Psalm 130:3-4 “If you, O LORD, kept a record of sins, O Lord, who could stand? But with you there is forgiveness…” John writes that God is love. This is not just an attribute borne from the self-will of a deity, but John said that Love is the essence of His nature. God is the definition of love; not just a response.
Paul defined this matter in writing to the church at Corinth. In that narrative we find the quintessential definition of God toward us. Paul said (1 Cor. 13:5)that love “keeps no record of wrongs.” A record is evidence of a fact. It is the written description that dispels opinion and controversy. A record is that body of proof that something exists which cannot be removed; it cannot be denied. It lingers in time and never quite leaves the realm of awareness.
David knew this to be true. He knew of the nature of God and he sang about it. David submitted this question to the world that if the Lord kept a record of sins, of wrongs, who could be saved?
Who could stand before His Holiness? The answer is “no one!” But thanks be to God that He keeps no record of wrongs because He is merciful and kind. He removes our shame andexpunges our failures from His sight.
When we are covered by the Blood, there is no remaining proof of our past. When we are born again of water and the Spirit, there is no evidence of the infractions levied against the Cross. He has taken them and they are buried in the waters of baptism because in Him, there is forgiveness.” Micah 7:18-19 Who is a God like unto thee, that pardoneth iniquity, and passeth by the transgression of the remnant of his heritage? he retaineth not his anger for ever, because he delighteth in mercy. He will turn again, he will have compassion upon us; he will subdue our iniquities; and thou wilt cast all their sins into the depths of the sea.
Pastor Jeffrey Harpole
Some time ago a prayer group started among several churches. The concern centered around lost souls. When the pastors made the appeal for the meeting they were surprised at the positive response. Attendance was almost triple their original estimates. The program changed due to the increased number and a steering committee formed. Prayer meetings continued until the lead pastor decided it was time to put their prayers into action. They even called it “Action.” He called for people to go out and bring the lost to their respective churches. They all agreed to this directive as arrangements were made to meet in order to canvas their cities, but much to their dismay, almost no one came to the “Action” part of the program. They loved prayer, but few wanted to witness. They liked the fellowship of faith, but they did not embrace the work of the field.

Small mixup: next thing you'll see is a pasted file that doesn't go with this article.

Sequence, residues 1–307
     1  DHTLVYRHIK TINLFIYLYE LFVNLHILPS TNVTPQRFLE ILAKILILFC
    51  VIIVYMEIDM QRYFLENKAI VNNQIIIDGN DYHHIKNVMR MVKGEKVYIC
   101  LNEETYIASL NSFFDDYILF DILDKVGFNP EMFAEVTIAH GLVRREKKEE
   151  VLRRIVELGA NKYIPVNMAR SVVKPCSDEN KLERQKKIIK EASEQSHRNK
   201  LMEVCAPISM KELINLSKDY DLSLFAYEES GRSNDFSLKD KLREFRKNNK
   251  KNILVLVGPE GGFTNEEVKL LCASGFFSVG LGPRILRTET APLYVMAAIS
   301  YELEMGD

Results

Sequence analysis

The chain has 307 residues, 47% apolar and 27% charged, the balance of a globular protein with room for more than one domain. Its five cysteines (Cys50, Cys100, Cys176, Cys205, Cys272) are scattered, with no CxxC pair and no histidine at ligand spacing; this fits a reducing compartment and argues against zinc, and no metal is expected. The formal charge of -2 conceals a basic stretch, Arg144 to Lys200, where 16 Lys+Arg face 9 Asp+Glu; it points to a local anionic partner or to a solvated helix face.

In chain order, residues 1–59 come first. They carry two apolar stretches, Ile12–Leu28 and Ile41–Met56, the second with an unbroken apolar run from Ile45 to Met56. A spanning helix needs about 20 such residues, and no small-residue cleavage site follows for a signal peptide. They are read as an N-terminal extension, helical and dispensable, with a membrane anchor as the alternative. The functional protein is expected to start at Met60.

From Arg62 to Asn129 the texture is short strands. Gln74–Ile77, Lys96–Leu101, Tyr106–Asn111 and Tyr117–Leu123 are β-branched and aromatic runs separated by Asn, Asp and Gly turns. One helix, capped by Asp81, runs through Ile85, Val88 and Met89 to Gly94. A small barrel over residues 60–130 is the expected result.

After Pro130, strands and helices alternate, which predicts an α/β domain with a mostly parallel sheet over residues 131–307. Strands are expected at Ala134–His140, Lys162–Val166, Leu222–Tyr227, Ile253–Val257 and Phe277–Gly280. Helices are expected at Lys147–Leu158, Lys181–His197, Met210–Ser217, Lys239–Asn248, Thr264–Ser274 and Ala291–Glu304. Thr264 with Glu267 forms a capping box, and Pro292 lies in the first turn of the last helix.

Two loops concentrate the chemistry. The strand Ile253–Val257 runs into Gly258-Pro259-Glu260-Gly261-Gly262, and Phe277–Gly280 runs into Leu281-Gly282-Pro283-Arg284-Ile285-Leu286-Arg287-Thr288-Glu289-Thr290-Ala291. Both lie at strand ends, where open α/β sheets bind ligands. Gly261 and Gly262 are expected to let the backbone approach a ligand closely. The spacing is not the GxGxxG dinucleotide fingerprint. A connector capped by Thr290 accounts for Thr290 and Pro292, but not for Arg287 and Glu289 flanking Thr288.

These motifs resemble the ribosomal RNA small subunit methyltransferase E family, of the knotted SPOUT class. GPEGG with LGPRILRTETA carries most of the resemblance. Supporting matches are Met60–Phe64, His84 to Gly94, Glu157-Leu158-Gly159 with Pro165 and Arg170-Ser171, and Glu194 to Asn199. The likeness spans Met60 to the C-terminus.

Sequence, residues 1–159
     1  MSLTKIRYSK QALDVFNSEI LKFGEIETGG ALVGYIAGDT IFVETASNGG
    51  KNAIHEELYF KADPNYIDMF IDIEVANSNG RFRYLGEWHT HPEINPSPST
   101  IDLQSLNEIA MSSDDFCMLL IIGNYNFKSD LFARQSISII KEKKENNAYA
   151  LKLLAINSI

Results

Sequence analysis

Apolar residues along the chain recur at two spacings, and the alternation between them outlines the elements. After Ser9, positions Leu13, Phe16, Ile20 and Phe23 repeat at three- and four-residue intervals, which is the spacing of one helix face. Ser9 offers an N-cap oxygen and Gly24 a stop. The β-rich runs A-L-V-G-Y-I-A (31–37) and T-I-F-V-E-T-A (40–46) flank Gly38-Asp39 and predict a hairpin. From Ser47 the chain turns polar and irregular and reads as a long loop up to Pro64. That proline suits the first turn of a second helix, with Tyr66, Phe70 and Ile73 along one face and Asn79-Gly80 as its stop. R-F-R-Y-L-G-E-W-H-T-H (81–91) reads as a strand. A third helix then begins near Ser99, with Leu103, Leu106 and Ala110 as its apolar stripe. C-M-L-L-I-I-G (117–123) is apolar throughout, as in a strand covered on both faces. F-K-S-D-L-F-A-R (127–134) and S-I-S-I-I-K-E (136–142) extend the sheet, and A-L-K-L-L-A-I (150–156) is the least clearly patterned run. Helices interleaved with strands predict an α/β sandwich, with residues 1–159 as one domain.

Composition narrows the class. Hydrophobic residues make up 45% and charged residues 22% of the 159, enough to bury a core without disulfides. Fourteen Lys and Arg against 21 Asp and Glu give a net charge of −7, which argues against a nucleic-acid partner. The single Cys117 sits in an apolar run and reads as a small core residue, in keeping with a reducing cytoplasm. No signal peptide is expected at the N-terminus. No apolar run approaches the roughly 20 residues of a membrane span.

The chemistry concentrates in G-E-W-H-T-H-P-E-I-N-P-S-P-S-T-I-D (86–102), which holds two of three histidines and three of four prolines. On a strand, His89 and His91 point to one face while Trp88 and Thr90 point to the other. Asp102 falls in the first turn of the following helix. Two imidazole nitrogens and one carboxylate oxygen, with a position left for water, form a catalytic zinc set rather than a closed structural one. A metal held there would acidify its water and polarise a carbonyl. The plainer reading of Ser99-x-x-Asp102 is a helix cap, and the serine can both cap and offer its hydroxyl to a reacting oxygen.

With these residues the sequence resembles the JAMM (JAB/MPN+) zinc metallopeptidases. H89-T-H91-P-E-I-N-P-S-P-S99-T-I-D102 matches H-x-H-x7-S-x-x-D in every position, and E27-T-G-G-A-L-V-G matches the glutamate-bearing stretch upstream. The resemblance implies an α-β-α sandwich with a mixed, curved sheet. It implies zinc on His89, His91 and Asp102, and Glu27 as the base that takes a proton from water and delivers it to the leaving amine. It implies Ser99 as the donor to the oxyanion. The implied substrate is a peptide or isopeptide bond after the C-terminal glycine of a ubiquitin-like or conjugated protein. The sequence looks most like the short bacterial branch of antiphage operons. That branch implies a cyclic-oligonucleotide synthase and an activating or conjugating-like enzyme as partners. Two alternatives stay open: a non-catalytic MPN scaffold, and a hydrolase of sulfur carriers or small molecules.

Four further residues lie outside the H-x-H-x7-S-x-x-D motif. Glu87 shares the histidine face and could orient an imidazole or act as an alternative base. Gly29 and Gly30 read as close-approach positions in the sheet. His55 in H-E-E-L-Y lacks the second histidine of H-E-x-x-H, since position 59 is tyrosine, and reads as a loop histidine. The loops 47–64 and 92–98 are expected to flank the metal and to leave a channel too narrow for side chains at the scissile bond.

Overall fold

In the course of my ministry, I cannot say that anything has changed. In fact this account is not even new to our generation. Jesus said as much, Matt. 9 “The harvest truly is plenteous, but the laborers are few; Pray ye therefore the Lord of the harvest, that he will send forth laborers into his harvest.”
The issue has never been the field. The problem is not about a depleted harvest. The harvest is Great. There are sinners and backsliders in every location. There are wounded souls; displaced believers; children and more on every street. The harvest is plentiful. The problem, according to Jesus, is that there are very few laborers in the field. Prayer? Yes! But after prayer there must be a witness. Fellowship of Faith? Yes! But after fellowship among the believers there must be workers in the field reaching souls and bringing them to the house of prayer. Our eyes are on the field, but our hands must be there too. The work is in the field.
Pastor Jeffrey Harpole